Arupa Yoga

Meditation - The overlooked gem of yoga.

While the strengthening, opening and detoxifying aspects of practicing yogasana (yoga postures) make us feel better, the most profound changes occur in our inner world. For most, focus is primarily on a combination of thinking, feeling and, for many, visualizing. The blend, being an individual formula. The dedicated attention to these functions of our minds creates an illusion that they comprise who or what we are. Once that illusion has solidified into belief, we're cut off from our true nature and many other functions naturally available to an open mind.

The benefits of learning to rest in a meditative mind set aren't apparent to those unfamiliar with it, but it makes for a far better functioning mind, even on cognitive levels. Intuition, creativity and insight are elevated. There is a quality of understanding or knowing that isn't available to a mind dependent on recorded memory. It's what makes leaps of scientific understanding, and innovative invention possible. It's not magical or mystical, it just doesn't compute to the limited, and limiting, fixed mind set.

We frequently cling very strongly to our beliefs, regardless of contradictory evidence. When these primary functions first fall silent, it can be quite frightening. It may feel as extreme as if death was tapping one on the shoulder. It's as if the concept of self has its own life and its own survival instincts. Fortunately, our bodies are an integral part of that self concept; and so, it feels perfectly safe to place attention in the body. For some, it takes considerable time and practice to develop the necessary sensitivity to, and caring for, the body, to become fully absorbed in it. For others it can come naturally and quickly. Either way, once attention is integrated into the body, it is automatically drawn out of the ordinary mind set. Over time, this changes from a quick flash, to a prolonged experience , to a normal state of being. The longer and more comfortable the excursions into the body are, the quieter the mind becomes, and the more natural it feels to be in that state.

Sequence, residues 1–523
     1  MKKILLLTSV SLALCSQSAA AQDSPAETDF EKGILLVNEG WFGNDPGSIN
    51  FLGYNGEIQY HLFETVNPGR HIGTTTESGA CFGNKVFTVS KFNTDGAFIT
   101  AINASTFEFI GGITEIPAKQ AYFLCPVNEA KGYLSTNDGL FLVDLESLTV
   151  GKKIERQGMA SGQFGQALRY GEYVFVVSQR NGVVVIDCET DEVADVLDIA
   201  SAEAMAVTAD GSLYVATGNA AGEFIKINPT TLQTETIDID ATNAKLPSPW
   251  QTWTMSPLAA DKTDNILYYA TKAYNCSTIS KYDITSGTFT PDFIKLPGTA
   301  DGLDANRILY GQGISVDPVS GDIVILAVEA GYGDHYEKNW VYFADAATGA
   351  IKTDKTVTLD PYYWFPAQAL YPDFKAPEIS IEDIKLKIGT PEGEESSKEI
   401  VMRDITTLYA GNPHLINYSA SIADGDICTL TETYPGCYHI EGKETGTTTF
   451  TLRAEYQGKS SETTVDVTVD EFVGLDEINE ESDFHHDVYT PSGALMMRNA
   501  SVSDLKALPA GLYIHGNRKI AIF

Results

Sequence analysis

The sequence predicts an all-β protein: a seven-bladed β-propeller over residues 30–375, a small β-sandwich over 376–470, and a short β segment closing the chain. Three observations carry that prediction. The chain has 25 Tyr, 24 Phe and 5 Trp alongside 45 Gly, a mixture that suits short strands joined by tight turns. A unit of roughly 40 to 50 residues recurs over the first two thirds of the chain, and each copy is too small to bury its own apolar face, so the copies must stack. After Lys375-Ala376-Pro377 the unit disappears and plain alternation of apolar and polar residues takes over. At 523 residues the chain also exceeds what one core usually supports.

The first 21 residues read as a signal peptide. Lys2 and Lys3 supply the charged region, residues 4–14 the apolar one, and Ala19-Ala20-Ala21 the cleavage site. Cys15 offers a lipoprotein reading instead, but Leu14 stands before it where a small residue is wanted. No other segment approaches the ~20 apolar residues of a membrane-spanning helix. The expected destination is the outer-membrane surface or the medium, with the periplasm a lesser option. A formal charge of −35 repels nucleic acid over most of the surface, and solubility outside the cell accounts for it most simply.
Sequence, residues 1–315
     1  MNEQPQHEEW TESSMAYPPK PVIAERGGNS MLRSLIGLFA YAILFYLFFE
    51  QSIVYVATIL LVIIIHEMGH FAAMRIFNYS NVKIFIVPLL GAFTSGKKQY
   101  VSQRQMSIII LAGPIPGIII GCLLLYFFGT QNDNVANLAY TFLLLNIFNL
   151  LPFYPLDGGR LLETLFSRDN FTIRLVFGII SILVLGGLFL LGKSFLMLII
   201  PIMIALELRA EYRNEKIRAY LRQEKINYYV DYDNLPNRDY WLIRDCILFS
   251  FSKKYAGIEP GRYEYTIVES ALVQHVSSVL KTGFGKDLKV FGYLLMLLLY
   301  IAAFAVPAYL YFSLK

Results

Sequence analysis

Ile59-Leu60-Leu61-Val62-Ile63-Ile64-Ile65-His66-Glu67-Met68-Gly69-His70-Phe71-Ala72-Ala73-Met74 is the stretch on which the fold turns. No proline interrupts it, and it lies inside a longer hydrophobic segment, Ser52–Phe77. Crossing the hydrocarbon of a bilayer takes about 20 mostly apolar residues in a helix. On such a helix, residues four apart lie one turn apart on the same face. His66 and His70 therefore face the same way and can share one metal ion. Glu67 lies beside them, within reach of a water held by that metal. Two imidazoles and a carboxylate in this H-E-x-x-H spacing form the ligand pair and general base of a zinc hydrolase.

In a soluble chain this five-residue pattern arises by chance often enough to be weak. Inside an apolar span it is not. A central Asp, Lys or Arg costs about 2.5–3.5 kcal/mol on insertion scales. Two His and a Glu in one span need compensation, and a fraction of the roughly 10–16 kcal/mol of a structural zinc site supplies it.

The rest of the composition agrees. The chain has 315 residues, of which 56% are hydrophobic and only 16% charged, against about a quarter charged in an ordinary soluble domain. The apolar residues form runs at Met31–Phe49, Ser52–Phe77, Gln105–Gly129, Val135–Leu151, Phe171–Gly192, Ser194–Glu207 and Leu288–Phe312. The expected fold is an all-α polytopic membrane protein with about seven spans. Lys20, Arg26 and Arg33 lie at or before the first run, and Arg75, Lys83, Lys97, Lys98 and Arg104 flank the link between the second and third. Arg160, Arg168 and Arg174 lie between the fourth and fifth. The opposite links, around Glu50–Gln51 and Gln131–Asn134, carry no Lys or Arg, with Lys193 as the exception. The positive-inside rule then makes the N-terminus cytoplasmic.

Meditation is learning to access this perspective without the aid of asana. If someone slams your performance at work or cuts you off in rush hour traffic, you can't just pull over on the berm and start practicing your sun salutations to recompose yourself. We need to have easier access to our feeling of well-being. For the most part, people don't remain in the quietude 24/7, but bounce back and forth between thinking and being; ideally, developing a continuous and stable overview of the process.

Additionally, most will be able to find a deeper and more meaningful experience through seated meditation. The evolutionary process generally progresses from finding peace for a moment, as a benefit for the familiarly conceived self, to feeling like the quiet self that is repeatedly drawn back into the mental chaos, to a sense that both self and Self are only conceptual creations, within a greater field of awareness.

We practice to experience just being. Not being this or that. Not being a certain way. Just being. It's a state we all know, like powerful, but forgotten, memory. We were born a mere breath away from it; and most brush it, occasionally, when in a particular activity or situation. It's just that we've lost touch with it amid the cacophony that swirls and reverberates within our minds, since we've learned to process everything we experience through our cognitive minds. We can be aware of our cognition, but we can't be cognizant of pure awareness. The practice is simply finding comfort and stability in that unadorned presence.

As we reacquaint ourselves, ever more fully, with that natural state of being, we gain a perspective that's more attuned with everything that is - without self centered and judgmental interpretations. Simply put, we are superior, when we exceed our graspable selves; and, life is much more pleasing when viewed as being what it is, rather than, as what it is in relation to us.